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Life Jennifer Shay blazed a bright trail for women in biology

Jennifer Mary (Walker) Shay: Wife. Aunt. Ecologist. Teacher. Born March 27, 1930, Kingston-upon-Hull, England; died May 7, 2018, Kingston-upon-Hull, England, of complications from Parkinson’s disease; aged 88.

Jennifer Shay’s love of nature began as a child, when she was given a pair of binoculars and discovered bird watching. An inspiring high-school teacher led her to study biology at London University, although a less-inspiring guidance counsellor told her that “women can’t be biologists.” After graduating with a BSc in Biology in 1952, Jennifer became the first female on the scientific staff of a field centre in Suffolk. Here, she became convinced of the value of fieldwork in training biologists. One day she led a group on a mushroom foray and served up results at the evening meal. It was only after dinner that one of the students noticed the deathcap was missing. Had this deadly mushroom been served? But before the stomach pumps were turned on, happily, the missing fungus was found under the front steps of the dining hall.

In 1957, Jennifer left for Canada to work as a research assistant at the University of Manitoba, where she earned advanced degrees and stayed on as a professor. For much of her 35-year career at the university, she was the only woman in the Department of Biological Sciences. Her patience, firmness and grace, tempered by an impish sense of humour, blazed a trail for others to follow.

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Jennifer Shay.

The Globe and Mail

Jennifer was a respected ecologist, environmentalist and interdisciplinary scientist. As the founding director of the Delta Marsh Field Station, located on the southern shore of Lake Manitoba, she mentored students and inspired thousands more, supporting her students both intellectually and personally, cooking meals, ensuring everyone had a place to sleep and even hosting a wedding at her home along the Red River. She also met Tom Shay at the university, when the archaeologist helped to supervise a thesis on pollen analysis. The two became research partners – travelling to Greece on a National Geographic team – and life partners in 1970.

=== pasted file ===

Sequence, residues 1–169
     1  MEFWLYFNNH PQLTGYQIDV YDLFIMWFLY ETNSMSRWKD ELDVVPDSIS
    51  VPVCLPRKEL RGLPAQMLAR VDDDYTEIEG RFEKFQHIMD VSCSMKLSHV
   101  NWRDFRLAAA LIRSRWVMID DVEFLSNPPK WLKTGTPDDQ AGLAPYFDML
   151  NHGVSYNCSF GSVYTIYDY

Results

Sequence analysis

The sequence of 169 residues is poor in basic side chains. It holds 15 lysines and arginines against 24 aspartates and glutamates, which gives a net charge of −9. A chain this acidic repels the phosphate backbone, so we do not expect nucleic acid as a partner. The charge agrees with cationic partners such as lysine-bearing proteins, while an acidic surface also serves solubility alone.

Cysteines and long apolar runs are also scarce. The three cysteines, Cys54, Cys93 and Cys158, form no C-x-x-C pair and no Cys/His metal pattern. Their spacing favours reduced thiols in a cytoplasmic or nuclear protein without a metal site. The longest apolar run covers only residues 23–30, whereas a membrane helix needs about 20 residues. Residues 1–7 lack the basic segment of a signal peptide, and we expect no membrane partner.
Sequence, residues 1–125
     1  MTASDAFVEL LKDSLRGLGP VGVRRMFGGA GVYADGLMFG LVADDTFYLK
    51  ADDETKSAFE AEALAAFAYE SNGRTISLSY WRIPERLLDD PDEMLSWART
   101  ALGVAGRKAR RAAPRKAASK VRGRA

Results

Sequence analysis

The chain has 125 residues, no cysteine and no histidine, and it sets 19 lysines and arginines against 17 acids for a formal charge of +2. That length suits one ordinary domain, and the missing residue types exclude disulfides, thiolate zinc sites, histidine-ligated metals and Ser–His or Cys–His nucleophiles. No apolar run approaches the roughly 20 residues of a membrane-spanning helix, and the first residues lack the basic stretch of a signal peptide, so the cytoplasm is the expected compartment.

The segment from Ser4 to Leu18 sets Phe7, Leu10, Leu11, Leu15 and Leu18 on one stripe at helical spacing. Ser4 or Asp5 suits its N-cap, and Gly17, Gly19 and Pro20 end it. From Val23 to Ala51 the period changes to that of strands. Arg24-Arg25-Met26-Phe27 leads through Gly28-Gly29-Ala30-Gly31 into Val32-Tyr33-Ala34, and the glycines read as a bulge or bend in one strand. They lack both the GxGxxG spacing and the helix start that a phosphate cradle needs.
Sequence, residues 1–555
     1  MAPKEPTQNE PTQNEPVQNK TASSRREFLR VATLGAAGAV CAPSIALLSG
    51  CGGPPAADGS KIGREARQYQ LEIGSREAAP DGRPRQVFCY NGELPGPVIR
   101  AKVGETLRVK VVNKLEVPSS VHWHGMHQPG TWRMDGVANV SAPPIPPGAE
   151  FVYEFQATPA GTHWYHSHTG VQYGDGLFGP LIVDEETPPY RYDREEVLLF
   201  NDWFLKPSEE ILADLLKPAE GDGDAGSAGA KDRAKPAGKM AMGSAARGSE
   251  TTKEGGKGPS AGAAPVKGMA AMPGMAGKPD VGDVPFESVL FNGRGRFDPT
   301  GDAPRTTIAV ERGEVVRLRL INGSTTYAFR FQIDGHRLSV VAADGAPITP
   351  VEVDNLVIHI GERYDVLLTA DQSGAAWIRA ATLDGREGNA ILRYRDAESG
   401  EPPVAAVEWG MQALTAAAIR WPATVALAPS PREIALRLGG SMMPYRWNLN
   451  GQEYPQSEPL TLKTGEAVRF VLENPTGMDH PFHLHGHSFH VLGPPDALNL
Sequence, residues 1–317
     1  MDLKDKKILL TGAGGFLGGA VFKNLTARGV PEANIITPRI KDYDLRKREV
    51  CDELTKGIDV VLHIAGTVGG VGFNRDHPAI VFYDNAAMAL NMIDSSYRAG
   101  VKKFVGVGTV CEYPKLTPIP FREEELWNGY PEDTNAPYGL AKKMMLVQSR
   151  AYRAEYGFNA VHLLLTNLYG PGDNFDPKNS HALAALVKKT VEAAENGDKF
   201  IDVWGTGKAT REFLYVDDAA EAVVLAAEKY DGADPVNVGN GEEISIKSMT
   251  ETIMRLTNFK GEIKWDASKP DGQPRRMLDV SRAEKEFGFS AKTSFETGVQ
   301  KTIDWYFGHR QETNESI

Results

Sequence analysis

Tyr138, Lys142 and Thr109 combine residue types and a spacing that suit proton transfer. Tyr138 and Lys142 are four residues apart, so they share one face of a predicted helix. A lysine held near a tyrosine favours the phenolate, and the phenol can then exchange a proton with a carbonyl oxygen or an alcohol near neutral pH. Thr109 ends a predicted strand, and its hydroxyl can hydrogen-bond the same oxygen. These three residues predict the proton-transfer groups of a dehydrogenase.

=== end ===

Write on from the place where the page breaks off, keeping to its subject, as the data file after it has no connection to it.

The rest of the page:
Tom and Jennifer moved to an acreage on the Red River in the late 1980s. After the devastating 1997 flood, the property was purchased by the province and later turned into the Jennifer and Tom Shay Ecological Reserve; the couple were saddened by their loss but pleased that the property had been set aside as a refuge for wildlife.

Over her career, Jennifer would help found what is now the Manitoba Museum. She joined the board of the Fort Whyte Nature Centre and helped create the Living Prairie Museum in Winnipeg. For her many contributions, Jennifer was made a member of the Order of Canada in 1989 and an Officer in 2001.

After retirement, Jennifer and Tom moved to England. “Auntie Jen,” as she was known to her nieces and nephews, was a source of timely birthday presents; lessons in the fine arts of Scotch eggs, pastry and spiced beef; and demonstrations in the making of quinzees one snowy Christmas in Yorkshire. None could match her ability to touch her nose with her tongue, though many tried!

Jennifer will be missed for her wisdom and humour, her caring and grace. She left her mark in both physical places and people’s hearts.

Jennifer Veitch is Jennifer’s honorary goddaughter and Tom Shay is her husband.

To submit a Lives Lived: lives@globeandmail.com

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Lives Lived celebrates the everyday, extraordinary, unheralded lives of Canadians who have recently passed. To learn how to share the story of a family member or friend, go to tgam.ca/livesguide.

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